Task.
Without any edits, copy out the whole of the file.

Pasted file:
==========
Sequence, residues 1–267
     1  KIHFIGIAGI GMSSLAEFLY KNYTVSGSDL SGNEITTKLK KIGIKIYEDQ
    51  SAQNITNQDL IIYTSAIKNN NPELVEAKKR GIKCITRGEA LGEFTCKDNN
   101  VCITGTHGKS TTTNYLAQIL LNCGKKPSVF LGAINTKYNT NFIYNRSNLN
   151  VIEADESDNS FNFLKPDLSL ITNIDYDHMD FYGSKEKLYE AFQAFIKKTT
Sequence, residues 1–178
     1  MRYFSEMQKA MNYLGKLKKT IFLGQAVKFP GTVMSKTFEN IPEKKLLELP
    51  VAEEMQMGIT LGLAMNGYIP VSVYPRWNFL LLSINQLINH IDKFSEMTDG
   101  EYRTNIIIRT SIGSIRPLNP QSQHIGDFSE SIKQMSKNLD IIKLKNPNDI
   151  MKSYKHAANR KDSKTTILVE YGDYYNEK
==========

Sequence, residues 1–267
     1  KIHFIGIAGI GMSSLAEFLY KNYTVSGSDL SGNEITTKLK KIGIKIYEDQ
    51  SAQNITNQDL IIYTSAIKNN NPELVEAKKR GIKCITRGEA LGEFTCKDNN
   101  VCITGTHGKS TTTNYLAQIL LNCGKKPSVF LGAINTKYNT NFIYNRSNLN
   151  VIEADESDNS FNFLKPDLSL ITNIDYDHMD FYGSKEKLYE AFQAFIKKTT
Sequence, residues 1–178
     1  MRYFSEMQKA MNYLGKLKKT IFLGQAVKFP GTVMSKTFEN IPEKKLLELP
    51  VAEEMQMGIT LGLAMNGYIP VSVYPRWNFL LLSINQLINH IDKFSEMTDG
   101  EYRTNIIIRT SIGSIRPLNP QSQHIGDFSE SIKQMSKNLD IIKLKNPNDI
   151  MKSYKHAANR KDSKTTILVE YGDYYNEK